Restrictive Rules of Engagement keep US from winning. Here you are with an instance, of course, quoted from the link below: 'The mission was simple: to search the village and kill or capture identified members of al-Qaeda. It was the kind of mission that the troopers had executed countless times before. It wasn't uncommon to encounter "squirters" - small groups of insurgents who try to sneak or race through American lines and disappear into the desert. Sometimes they were on motorcycles, sometimes on foot, but often they were in cars, armed to the teeth and ready to fight to the death. ... This evening, however, our troopers believed that the car ahead wasn't full of civilians. The driver was too skilled, his tactics too knowing for a carload of shepherds. As the car disappeared into the night, the senior officer on the scene radioed for permission to fire. His request went to the TOC, the tactical operations center, which is the beating heart of command and control in the battlefield environment. There the "battle captain," or the senior officer in the chain of command, would decide - shoot or don't shoot. If soldiers opened fire after a lawyer had deemed the attack outside the rules, they would risk discipline - even prosecution. But first there was a call for the battle captain to make, all the way to brigade headquarters, where a JAG officer - an Army lawyer - was on call 24 hours a day, seven days a week. His job was to analyze the request, apply the governing rules of engagement, and make a recommendation to the chain of command. While the commander made the ultimate decision, he rarely contradicted JAG recommendations. After all, if soldiers opened fire after a lawyer had deemed the attack outside the rules, they would risk discipline - even prosecution - if the engagement went awry. Acting on the best available information - including a description of the suspect vehicle, a description of its tactics, analysis of relevant intelligence, and any available video feeds - the JAG officer had to determine whether there was sufficient evidence of "hostile intent" to authorize the use of deadly force. He had to make a life-or-death decision in mere minutes. In this case, the lawyer said no - insufficient evidence. No deadly force. Move to detain rather than shoot to kill. The commander deferred. No shot. Move to detain. So the chase continued, across roads and open desert. The suspect vehicle did its best to shake free, but at last it was cornered by converging American forces. There was no escape. Four men emerged from the car. American soldiers dismounted from their MRAPs, and with one man in the lead, weapons raised, they ordered the Iraqis to surrender. Those who were in the TOC that night initially thought someone had stepped on a land mine. Watching on video feed, they saw the screen go white, then black. For several agonizing minutes, no one knew what had happened. Then the call came. Suicide bomber. One of the suspects had self-detonated, and Americans were hurt. One badly - very badly. Despite desperate efforts to save his life, he died just before he arrived at a functioning aid station. Another casualty of the rules of engagement.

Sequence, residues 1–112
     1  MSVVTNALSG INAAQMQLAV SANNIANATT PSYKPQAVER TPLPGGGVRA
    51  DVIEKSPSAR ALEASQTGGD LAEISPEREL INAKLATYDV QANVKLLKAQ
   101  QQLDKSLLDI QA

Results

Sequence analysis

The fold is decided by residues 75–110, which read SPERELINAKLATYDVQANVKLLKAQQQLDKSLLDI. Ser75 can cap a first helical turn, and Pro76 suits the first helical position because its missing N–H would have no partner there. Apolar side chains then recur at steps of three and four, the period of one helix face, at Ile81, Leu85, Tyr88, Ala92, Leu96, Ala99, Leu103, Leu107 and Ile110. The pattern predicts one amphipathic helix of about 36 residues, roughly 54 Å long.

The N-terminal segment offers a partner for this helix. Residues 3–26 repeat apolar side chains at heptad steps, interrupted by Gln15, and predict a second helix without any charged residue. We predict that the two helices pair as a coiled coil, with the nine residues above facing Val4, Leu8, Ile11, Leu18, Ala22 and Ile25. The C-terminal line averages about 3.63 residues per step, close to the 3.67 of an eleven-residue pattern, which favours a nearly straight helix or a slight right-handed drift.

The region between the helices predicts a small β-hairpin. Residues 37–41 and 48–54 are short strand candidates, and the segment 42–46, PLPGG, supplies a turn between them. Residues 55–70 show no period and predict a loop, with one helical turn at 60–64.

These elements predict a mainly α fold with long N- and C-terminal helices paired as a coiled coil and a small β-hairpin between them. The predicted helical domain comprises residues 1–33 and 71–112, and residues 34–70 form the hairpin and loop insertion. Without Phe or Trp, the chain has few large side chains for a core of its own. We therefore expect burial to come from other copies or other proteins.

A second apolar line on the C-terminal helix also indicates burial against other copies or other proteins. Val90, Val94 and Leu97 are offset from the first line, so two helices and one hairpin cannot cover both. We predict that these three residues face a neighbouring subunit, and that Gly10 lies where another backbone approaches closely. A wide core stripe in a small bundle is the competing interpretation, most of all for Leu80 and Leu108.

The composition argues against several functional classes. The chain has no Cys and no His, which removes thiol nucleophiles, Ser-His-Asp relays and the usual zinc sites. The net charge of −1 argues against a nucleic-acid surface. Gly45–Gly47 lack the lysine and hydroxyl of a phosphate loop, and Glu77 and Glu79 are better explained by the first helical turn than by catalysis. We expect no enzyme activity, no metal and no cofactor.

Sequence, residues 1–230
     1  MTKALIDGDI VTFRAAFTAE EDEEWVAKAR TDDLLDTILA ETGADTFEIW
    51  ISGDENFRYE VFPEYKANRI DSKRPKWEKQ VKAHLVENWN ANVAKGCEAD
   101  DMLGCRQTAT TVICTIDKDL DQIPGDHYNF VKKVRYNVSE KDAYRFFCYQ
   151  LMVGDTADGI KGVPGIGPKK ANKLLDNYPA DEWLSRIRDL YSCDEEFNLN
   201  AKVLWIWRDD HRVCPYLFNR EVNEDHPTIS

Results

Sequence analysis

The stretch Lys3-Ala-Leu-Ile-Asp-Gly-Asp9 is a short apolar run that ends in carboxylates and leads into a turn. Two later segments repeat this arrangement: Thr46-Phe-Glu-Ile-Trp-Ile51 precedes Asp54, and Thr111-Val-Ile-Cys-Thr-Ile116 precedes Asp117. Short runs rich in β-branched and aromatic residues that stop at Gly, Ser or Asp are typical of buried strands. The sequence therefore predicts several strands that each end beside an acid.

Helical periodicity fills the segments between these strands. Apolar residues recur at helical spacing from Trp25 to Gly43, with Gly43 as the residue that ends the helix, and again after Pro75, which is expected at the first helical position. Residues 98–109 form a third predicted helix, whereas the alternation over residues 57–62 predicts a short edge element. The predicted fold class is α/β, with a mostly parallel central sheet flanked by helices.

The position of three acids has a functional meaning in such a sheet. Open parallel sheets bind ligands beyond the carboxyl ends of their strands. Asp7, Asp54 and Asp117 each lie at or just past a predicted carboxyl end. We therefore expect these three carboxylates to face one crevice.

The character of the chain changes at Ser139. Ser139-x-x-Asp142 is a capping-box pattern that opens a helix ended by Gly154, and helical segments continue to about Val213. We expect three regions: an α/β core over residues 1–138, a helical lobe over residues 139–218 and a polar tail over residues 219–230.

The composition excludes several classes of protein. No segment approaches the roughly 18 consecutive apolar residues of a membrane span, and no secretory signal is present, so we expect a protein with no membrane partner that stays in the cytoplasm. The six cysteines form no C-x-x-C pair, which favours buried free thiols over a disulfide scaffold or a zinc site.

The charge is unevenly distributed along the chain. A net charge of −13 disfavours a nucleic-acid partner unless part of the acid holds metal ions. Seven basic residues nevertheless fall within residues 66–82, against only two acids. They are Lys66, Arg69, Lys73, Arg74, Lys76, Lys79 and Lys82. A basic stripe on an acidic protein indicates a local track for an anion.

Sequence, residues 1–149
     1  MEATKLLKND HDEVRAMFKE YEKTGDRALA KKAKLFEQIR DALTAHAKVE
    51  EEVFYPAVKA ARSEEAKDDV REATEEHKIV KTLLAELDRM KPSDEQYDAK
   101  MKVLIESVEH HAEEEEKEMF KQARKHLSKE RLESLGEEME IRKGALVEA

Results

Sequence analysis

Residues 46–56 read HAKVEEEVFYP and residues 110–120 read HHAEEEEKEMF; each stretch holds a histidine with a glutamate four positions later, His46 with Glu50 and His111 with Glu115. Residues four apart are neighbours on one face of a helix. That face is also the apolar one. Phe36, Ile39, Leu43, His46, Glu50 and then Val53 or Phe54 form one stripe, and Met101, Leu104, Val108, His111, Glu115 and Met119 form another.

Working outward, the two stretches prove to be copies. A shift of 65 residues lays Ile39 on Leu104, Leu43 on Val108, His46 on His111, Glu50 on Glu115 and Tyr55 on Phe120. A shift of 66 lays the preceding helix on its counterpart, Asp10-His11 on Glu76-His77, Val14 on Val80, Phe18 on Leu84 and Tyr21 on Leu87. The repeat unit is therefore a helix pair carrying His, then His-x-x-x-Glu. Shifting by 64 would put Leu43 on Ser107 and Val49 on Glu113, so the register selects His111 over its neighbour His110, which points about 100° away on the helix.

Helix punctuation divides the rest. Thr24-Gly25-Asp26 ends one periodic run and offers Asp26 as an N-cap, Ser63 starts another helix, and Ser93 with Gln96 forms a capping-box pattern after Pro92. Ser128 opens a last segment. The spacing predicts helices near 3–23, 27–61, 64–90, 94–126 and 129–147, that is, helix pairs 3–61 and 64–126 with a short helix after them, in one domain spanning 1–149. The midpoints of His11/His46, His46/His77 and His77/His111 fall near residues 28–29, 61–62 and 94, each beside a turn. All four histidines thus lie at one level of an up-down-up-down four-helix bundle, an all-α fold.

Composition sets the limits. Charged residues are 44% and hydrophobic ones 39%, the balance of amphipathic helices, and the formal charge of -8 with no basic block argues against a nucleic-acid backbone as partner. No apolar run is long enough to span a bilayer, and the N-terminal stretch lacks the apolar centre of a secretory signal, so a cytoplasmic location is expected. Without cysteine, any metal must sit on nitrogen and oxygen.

A Humvee reinforced with extra armor was blown into the air. FourAmericans died. One soldier miraculously escaped, but with crippling, life-altering injuries. The IED cell had struck again. The effects continued. Within weeks of the IED strike, the cell ambushed another American patrol - this time with elements of the al-Qaeda group firing from, yes, a mosque. One American was seriously injured, and the resulting firefight lasted 36 hours, inflicting massive damage. Much of the village was destroyed as American and al-Qaeda troops traded fire, locked in house-to-house combat. The rules of engagement saved a mosque but destroyed a village - and likely four more American lives.
Read more at: http://www.nationalreview.com/article/428756/rules-engagement-need-reform